Let's imagine you have a table with this definition:

CREATE TABLE public.positions
   id serial,
   latitude numeric(18,12),
   longitude numeric(18,12),
   updated_at timestamp without time zone

And you have 50,000 rows in this table. Now for testing purposes you will run an update like this:

update positions
set  updated_at = now()
where latitude between 234.12 and 235.00;

That statement will update 1,000 rows from the 50,000 (in this specific dataset).

If you run such a query in 30 different threads*, MySQL innodb will succeed and PostgreSQL will fail with lots of deadlocks.


* I'm comparing the latest version of MySQL innodb vs Postgres, this is a concurrent update case. Production cases: imagine 5000 stocks being updated with the latest price available constantly.

  • What isolation level did you use in each case? Why do you run the same query in 30 threads? Or did you run similar queries but not the same? Oct 9, 2016 at 9:48
  • Are there any indexes on the table?
    – Rick James
    Oct 15, 2016 at 18:15
  • We tested with indexes too. The problem persists and mysql is faster
    – SDReyes
    Oct 16, 2016 at 23:43
  • Does this also exist in newer versions of postgresql? Apr 7, 2022 at 14:23

3 Answers 3


Rolando already more or less described the reason why the deadlocks happen. Let me add that PostgreSQL has to take locks on the rows to be updated, in order to maintain consistency. (now() is fixed to the beginning of the transaction, meaning that two concurrent updates will want to update a given row to a different timestamp, which has to be resolved somehow - taking locks on the rows is the PostgreSQL solution.)

The locks are assigned to the transaction on a first come - first served basis. Deadlocks occur when two transactions try to obtain locks on the same rows in different order. The way to do this is - now not surprisingly - requesting the locks in a predictable order. This is done by

SELECT id -- could be any column, even a constant
FROM position 
WHERE latitude between 234.12 and 235.00

Here the crucial part is ORDER BY id and FOR UPDATE. The latter takes the necessary locks of the same type the subsequent UPDATE needs.

The SELECT ... FOR UPDATE statement might looks superfluous otherwise (especially when you don't need the selected data), and it also means disk writes even before actually changing the data. This has to be considered when using it.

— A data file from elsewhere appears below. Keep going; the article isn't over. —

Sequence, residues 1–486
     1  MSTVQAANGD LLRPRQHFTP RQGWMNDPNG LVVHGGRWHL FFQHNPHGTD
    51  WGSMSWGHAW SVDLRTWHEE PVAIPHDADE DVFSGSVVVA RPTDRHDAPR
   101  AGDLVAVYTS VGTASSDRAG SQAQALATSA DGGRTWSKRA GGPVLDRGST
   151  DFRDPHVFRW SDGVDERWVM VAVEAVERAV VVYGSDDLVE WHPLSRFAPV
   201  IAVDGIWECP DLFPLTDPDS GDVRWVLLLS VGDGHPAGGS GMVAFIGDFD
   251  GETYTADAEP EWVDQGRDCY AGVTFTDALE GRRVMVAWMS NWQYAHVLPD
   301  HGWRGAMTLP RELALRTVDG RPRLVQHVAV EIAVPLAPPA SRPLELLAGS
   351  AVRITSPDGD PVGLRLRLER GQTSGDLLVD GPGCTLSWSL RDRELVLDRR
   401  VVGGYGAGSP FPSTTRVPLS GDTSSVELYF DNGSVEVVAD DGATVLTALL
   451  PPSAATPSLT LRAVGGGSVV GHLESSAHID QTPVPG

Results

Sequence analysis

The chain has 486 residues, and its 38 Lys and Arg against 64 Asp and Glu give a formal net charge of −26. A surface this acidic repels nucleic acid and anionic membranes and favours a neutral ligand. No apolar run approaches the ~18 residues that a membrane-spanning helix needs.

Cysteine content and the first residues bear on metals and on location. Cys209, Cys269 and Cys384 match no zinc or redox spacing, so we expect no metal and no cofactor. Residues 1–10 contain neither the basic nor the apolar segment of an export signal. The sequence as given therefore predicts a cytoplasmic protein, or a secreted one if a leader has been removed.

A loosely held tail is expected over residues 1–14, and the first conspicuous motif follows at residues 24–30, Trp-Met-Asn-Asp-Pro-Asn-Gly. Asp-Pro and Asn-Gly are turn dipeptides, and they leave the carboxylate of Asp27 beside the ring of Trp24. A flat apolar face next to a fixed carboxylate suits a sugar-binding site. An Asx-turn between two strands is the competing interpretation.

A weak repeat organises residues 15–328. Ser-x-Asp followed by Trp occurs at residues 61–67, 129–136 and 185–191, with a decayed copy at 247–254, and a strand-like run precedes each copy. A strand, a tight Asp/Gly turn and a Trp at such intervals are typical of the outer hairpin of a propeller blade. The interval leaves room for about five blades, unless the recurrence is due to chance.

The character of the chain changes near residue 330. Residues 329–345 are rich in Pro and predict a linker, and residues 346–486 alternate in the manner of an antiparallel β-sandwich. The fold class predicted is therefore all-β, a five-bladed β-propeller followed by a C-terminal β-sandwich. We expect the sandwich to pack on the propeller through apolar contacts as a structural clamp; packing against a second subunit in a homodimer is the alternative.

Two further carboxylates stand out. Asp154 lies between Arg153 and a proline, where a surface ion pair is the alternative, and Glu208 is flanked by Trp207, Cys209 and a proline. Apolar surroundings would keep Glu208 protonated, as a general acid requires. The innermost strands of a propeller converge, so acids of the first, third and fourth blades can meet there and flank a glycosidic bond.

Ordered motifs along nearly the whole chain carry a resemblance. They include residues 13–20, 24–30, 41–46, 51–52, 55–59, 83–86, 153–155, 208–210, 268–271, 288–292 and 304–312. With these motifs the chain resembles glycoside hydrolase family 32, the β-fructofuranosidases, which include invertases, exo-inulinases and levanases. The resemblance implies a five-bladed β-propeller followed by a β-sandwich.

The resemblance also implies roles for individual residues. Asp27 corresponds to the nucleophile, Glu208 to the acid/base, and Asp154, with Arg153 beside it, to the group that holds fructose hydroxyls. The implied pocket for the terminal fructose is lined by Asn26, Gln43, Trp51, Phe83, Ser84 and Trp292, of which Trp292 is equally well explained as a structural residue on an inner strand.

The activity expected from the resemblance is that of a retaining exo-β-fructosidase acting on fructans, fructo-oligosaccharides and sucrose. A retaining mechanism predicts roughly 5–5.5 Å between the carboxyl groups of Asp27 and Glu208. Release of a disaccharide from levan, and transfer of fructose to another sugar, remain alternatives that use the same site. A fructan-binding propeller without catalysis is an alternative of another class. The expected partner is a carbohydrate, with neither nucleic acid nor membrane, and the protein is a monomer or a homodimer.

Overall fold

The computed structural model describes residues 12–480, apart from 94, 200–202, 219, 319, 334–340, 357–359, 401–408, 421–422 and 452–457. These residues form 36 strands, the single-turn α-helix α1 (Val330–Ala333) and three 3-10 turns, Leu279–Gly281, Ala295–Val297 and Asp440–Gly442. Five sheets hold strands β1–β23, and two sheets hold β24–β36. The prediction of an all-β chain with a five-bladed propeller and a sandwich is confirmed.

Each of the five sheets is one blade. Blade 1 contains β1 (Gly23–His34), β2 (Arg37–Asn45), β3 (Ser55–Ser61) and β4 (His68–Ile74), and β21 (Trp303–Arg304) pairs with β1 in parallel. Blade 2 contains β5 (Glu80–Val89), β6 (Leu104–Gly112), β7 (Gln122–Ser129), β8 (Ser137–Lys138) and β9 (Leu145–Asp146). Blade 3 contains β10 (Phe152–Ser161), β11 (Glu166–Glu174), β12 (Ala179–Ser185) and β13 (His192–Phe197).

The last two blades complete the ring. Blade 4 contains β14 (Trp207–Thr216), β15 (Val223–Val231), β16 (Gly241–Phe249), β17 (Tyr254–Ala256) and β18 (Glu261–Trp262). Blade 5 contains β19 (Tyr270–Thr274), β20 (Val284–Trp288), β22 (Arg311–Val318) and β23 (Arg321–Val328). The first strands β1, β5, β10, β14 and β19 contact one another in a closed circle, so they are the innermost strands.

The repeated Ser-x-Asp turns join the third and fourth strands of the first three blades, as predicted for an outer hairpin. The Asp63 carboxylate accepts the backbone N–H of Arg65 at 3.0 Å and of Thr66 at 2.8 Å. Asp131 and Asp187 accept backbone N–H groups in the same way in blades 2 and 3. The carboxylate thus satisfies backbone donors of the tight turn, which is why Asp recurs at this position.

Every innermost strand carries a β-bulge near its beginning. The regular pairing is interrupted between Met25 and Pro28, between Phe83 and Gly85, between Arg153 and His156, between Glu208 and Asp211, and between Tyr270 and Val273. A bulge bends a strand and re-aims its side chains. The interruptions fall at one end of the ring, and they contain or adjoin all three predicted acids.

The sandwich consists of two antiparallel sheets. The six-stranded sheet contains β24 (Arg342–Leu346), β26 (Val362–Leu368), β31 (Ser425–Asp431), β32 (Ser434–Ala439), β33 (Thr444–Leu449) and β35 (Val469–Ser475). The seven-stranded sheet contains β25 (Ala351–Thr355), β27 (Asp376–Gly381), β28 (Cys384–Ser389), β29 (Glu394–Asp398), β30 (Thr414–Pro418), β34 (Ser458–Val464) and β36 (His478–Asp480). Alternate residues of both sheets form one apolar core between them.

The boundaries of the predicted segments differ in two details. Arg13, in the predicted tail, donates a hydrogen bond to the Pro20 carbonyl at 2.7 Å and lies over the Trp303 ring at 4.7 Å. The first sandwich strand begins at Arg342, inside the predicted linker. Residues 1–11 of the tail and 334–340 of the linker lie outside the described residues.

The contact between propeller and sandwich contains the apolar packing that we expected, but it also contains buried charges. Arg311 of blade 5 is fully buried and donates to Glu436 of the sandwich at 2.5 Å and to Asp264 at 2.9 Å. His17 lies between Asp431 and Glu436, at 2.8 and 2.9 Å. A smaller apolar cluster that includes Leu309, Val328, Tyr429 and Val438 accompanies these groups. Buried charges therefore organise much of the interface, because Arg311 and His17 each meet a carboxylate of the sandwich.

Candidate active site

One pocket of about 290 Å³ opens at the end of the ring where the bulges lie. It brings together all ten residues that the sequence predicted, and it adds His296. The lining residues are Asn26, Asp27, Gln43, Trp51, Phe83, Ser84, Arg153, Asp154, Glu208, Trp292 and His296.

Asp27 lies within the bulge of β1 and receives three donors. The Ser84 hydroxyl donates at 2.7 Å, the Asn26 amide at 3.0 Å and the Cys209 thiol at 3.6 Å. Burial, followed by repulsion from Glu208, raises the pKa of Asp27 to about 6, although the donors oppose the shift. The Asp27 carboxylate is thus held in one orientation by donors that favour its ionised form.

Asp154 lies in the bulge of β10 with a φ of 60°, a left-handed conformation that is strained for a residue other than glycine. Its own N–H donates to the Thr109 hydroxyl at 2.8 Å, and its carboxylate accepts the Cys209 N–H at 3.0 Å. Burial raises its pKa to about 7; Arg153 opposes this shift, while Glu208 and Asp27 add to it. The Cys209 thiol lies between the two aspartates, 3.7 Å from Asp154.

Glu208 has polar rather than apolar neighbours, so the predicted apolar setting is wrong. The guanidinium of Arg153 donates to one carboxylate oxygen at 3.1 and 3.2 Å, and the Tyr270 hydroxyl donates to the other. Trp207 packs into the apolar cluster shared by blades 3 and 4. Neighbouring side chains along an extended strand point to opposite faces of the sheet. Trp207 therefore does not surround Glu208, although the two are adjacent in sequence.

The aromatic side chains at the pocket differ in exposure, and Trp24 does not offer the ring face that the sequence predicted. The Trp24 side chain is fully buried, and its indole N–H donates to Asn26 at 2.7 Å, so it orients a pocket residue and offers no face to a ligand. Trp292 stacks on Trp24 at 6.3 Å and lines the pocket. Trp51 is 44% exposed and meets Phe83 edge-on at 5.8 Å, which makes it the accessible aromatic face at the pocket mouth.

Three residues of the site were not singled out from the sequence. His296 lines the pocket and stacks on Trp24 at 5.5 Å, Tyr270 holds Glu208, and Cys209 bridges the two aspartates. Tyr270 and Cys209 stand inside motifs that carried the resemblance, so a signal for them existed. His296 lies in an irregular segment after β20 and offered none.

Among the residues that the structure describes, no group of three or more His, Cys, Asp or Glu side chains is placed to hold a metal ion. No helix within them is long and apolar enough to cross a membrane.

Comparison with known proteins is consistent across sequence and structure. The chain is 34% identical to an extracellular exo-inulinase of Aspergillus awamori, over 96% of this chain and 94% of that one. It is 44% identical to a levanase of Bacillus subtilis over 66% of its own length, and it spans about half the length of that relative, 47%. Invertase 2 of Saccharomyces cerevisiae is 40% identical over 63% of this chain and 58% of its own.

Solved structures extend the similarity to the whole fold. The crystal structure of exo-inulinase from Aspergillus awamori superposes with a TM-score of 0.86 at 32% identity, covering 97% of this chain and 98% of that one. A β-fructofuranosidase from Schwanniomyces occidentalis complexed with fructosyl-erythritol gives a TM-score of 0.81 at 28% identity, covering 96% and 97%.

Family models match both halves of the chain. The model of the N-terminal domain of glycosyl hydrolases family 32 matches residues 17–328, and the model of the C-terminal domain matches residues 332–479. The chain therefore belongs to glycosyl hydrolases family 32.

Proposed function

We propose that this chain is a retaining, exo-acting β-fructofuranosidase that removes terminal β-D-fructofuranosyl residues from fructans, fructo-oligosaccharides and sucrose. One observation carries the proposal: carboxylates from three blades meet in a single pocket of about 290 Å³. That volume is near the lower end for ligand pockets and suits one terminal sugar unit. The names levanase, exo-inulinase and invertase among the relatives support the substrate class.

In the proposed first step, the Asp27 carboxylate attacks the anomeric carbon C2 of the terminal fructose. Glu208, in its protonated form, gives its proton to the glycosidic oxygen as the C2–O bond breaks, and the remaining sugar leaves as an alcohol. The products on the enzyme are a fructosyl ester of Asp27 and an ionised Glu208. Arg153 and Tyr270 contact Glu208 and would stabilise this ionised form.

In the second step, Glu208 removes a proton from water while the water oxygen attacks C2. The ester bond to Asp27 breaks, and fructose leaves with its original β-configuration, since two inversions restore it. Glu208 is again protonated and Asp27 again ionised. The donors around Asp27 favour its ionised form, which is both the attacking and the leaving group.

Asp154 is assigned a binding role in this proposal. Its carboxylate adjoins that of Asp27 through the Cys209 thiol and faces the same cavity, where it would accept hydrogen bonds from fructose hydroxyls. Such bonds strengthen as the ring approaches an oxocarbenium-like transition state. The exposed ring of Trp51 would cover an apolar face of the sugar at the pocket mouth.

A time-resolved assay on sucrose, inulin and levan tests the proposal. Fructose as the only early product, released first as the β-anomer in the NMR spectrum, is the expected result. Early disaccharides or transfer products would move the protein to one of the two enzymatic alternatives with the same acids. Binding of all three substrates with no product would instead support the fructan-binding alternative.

• 3
    You might want to add, that you can combine the select with an update using a writeable CTE: with to_update (select ... ) update positions set updated_at = now() where id in (select id from to_update). Especially with an "expensive" where clause this is probably faster then evaluating the where condition again in the update statement.
    – user1822
    Oct 11, 2016 at 22:35
  • I'm a bit late to this, but this was the answer. postgres was slower than mysql in this case and there are tradeoffs everywhere. I'm still a postgres fan, but now i know this is the price we pay for cool mvcc concurrency
    – SDReyes
    Apr 8, 2022 at 22:08


On Mar 13, 2013, Uber had switched from MySQL to PostgrsSQL.

Surprisingly, that love affair did not last very long.

On Jun 26, 2016, Uber had switched from PostgreSQL to MySQL.

Why the about face ???


Running an UPDATE is surprisingly micromanaged in PostgreSQL.

There are two DDL System Identifiers in PostgreSQL that must be properly understood

  • ctid : The physical location of the row version within its table. Note that although the ctid can be used to locate the row version very quickly, a row's ctid will change if it is updated or moved by VACUUM FULL. Therefore ctid is useless as a long-term row identifier. The OID, or even better a user-defined serial number, should be used to identify logical rows.
  • oid : The object identifier (object ID) of a row. This column is only present if the table was created using WITH OIDS, or if the default_with_oids configuration variable was set at the time. This column is of typeoid (same name as the column); see PostgreSQL Documentation on Object Identifier Types for more information about the type.

With regard to ctids, please note that performing and UPDATE (DELETE/INSERT from a physical standpoint) or VACUUM FULL will change a row's ctid. This does not bode well for tables with many indexes. Why ? This fact was recently discovered (July 26, 2016) by the Data Engineers at Uber.

Please note the following diagram (courtesy of Uber Engineering)

Index ctid Management

PostgreSQL does not cohesively couple a PRIMARY KEY with non-unique indexes. Since an index references a row by ctid, a simple UPDATE (even on a non-indexed column) will change the ctid, resulting in the need to rewrite the ctid in every index in the table that references that changed row. This is not something new. PostgreSQL has always done this by design.

Therefore, doing an UPDATE on 1000 rows will perform 1000 DELETEs and 1000 INSERTs. As already mentioned, every index attached to the table must have their new row ctid values written in the BTREE index entries, replacing the old row ctid value. Since you have no indexes on the table, you are just experiencing the DELETEs and INSERTs generating the deadlocks you see.


Someone once posted a discussion about this and how to get around it. Others take advantage of the exposure of the Systems Identifiers available to their WHERE clauses: